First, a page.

Parent Update: Dec. 13, 2018
At this moment, 655 NMH students are busily preparing for final exams next week. The Schauffler Library is packed, chocolate consumption on campus is increasing by the day, and students are challenging themselves to finish strong.
In the spirit of strong finishes, Head of School Charles A. Tierney III P’16, ’19, ’20 has issued his own challenge — “Charlie’s Challenge,” as it’s been dubbed — to NMH parents, employees, and the Class of 2019. “I’m aiming for 100 percent participation in giving to the NMH Fund by the end of the school year,” he said. “It doesn’t matter if you give $1 or $1,000. My goal is to harness our collective energy and dedication, and leverage the idea that we are all in this wonderful venture together.”
Tierney is serving as NMH’s head of school for the 2018–19 academic year. In July, he hands over the reins to Brian Hargrove, who was appointed head-elect in October. After nearly 20 years as an NMH employee and parent, Tierney believes he’s in the perfect position to engage and challenge the community. He said, “Each of us steps up every day in our own ways and in many directions — our family lives, our work and school work, our social interactions. Now let’s step up together to support our remarkable shared endeavor: the educational mission of NMH!”
Stay tuned for news on the progress of Charlie’s Challenge, but take a moment to give now.
Schauffler Media Makerspace OpenedCreative minds have a new outlet at NMH — the “multimedia makerspace” in the lower level of Schauffler Library.
While preparing to live stream video of the Schauffler Scholar Lecture Series earlier this fall, the idea took shape of creating a place for students to create their own non-class, creative multimedia projects.
Soon after, the Schauffler Library media makerspace was established. The cooperative, peer-to-peer learning experience of a makerspace (versus a classroom) provides a unique atmosphere where there is no pressure to “get it right” and where the emphasis is on exploring new ideas and creating self-realized content.
In the lower level of Schauffler Library, a former office has been converted into a small video- and audio-production studio. There’s room to meet and to store equipment, some of which is repurposed library and student/faculty personal equipment.
Multimedia productions began almost immediately, and include development of a student-news-broadcast-style program, a library-instruction video for new students, and athletics-highlight videos. Furthermore, the library classroom is converted once a week into a video production studio to film “Weekly Update.”
In addition to the student projects, the media makerspace also offers technical support for classes and faculty looking to develop projects such as video storytelling or creating video content for class curriculum. And it provides students and faculty a place to conduct video interviews and off-site tutorials.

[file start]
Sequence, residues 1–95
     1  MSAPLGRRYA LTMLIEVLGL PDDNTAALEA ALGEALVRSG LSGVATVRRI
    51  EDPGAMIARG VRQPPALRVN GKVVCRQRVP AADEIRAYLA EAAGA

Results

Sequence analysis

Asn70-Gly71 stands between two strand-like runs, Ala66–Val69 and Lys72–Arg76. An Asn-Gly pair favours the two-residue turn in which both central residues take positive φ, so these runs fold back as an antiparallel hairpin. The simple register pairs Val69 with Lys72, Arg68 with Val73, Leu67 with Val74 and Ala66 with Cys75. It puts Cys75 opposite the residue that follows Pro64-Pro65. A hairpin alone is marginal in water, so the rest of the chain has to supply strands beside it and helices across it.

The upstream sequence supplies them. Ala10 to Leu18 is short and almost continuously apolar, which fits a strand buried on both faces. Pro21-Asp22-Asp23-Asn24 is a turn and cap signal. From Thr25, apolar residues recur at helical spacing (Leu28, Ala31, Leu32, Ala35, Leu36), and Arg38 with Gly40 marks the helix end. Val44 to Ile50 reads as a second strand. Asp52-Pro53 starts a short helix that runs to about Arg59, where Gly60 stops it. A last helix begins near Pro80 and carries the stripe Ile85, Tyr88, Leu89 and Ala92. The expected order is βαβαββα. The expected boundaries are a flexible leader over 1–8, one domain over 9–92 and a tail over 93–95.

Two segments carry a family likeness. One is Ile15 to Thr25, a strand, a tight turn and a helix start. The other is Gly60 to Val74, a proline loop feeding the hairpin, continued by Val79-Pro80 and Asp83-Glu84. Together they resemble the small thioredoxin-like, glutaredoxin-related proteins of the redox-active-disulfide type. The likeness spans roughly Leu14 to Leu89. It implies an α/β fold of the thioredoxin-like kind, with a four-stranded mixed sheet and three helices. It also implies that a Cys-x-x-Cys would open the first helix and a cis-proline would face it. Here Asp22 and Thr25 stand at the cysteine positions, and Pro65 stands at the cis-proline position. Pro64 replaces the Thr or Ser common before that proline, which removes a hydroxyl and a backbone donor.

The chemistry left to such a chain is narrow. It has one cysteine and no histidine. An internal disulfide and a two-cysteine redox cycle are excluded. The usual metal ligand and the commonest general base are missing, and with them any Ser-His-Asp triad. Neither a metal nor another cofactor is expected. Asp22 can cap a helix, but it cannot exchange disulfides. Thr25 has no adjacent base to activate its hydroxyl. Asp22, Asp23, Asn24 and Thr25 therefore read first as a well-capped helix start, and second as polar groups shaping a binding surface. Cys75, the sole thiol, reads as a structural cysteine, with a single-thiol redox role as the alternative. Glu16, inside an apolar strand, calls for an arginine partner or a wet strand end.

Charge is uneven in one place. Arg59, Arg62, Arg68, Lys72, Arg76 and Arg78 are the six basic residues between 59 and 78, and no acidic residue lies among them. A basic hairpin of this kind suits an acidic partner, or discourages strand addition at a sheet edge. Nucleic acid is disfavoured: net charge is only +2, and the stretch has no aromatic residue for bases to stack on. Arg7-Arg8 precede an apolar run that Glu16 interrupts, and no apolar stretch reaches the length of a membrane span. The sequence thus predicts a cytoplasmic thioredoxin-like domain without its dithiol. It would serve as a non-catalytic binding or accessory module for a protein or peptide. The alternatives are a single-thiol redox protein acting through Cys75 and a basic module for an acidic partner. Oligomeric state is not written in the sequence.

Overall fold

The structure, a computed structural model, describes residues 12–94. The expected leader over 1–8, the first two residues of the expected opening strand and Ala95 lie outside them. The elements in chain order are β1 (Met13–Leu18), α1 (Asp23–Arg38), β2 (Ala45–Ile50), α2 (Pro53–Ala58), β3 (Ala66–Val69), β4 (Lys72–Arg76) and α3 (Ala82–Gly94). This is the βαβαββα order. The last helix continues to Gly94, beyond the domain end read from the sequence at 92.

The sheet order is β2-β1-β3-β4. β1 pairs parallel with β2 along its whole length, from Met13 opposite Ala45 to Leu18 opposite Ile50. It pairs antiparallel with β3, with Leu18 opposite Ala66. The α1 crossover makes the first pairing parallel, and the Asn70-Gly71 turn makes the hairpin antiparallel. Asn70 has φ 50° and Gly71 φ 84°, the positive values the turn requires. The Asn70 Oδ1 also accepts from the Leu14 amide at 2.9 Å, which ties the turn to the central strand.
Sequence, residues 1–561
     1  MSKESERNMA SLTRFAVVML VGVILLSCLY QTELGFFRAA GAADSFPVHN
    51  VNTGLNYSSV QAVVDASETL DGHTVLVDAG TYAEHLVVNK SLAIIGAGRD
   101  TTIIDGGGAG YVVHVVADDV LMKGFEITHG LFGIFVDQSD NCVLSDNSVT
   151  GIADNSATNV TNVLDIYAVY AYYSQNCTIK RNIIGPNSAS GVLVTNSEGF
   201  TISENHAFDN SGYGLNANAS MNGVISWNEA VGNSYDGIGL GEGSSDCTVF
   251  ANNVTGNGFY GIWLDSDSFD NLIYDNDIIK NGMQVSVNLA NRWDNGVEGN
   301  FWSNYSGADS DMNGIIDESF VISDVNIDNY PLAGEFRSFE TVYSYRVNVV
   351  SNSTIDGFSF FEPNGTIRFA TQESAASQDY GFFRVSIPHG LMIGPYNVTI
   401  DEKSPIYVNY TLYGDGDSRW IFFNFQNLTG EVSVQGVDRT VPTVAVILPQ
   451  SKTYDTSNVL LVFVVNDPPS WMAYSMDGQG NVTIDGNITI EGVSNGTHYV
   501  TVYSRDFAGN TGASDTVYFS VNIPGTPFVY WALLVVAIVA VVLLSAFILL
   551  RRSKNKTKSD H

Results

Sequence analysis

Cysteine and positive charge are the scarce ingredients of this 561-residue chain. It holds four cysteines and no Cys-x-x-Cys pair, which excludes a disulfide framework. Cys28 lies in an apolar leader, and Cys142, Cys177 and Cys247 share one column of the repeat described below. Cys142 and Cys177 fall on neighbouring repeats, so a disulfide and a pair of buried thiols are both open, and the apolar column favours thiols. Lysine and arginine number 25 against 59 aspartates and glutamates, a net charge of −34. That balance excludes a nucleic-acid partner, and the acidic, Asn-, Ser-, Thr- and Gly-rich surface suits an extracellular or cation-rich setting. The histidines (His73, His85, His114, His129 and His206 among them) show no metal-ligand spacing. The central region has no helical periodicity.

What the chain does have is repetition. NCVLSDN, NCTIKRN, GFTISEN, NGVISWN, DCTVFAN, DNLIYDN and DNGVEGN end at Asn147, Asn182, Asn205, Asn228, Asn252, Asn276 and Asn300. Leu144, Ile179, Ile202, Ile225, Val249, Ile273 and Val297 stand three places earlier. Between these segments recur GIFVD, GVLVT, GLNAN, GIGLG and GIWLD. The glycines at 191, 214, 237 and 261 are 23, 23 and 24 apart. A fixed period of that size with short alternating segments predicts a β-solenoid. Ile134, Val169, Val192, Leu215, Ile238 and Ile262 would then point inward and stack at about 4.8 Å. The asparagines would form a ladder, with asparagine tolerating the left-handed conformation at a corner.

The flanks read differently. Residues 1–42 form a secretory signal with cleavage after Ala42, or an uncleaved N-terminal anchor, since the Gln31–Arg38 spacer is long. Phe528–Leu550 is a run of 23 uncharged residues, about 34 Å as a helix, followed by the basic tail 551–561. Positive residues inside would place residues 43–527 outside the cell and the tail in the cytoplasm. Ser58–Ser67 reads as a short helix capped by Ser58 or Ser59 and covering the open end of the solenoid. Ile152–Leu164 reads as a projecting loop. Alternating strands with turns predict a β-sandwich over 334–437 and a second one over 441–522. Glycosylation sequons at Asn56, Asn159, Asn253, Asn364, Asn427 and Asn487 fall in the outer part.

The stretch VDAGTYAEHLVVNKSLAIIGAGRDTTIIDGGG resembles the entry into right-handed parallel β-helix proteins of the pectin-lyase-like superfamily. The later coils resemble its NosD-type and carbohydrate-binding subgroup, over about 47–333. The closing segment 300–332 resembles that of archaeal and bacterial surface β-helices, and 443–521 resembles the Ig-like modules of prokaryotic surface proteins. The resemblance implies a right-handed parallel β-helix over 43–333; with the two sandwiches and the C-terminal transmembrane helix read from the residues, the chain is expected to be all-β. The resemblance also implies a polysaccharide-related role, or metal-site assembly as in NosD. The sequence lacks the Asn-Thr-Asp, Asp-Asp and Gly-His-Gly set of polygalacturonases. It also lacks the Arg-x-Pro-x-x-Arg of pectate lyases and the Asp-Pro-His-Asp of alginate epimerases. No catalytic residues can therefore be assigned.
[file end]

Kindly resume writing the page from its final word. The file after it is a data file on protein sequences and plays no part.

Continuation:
As the space develops, students may produce promotional and journalistic projects about other aspects of NMH campus life, such as athletics events and fine-arts productions.
Downhill Racer Speaks about Uphill Battle after Paralysis
Chris Waddell was a ski racer for Middlebury College when his whole world changed in an instant. One ski popped off as he made a turn at Berkshire East, and in the fall, he broke two vertebrae and damaged his spinal cord. The accident left him permanently paralyzed from the waist down.
But Waddell lives by the motto, “It’s not what happens to you. It’s what you do with what happens to you.” And he’s achieved more than even he imagined possible since that 1988 accident, helping to turn people’s perceptions of disability upside down.
On Dec. 10, Waddell offered NMH students lessons in resilience and reaching success despite adversity. Stories from his personal journey from able-bodied athlete to the most successful paralympic ski racer in U.S. history provided inspiration and practical advice on how to handle the inevitable challenges life gives us all.
“I’d always been taught I could do whatever I wanted, and I didn’t want to be told that now I couldn’t,” he recalled thinking shortly after the accident. “I wanted to prove to myself that I was a survivor, not a victim.”
With help from the medical world, family, and friends, Waddell fought his way back to health. At first, just dressing himself seemed impossible. Yet less than a year after the accident, Waddell had learned to monoski, and eventually he became world’s fastest.
Today, he is the most decorated male mono-skier in history, with 13 Paralympic medals. He’s also a track athlete, winning nine World Championship medals and earning medals in both summer and winter Paralympic games. He was honored by the Dalai Lama as an “unsung hero of compassion.” And Skiing Magazine named him one of the “25 greatest skiers in North America.”
Guiding him during this transformation were what he called the “4 Ss of resilience” — being a survivor, not a victim; seeing situations as challenging rather than overwhelming; finding support from others; and exploring many strategies to reach a goal.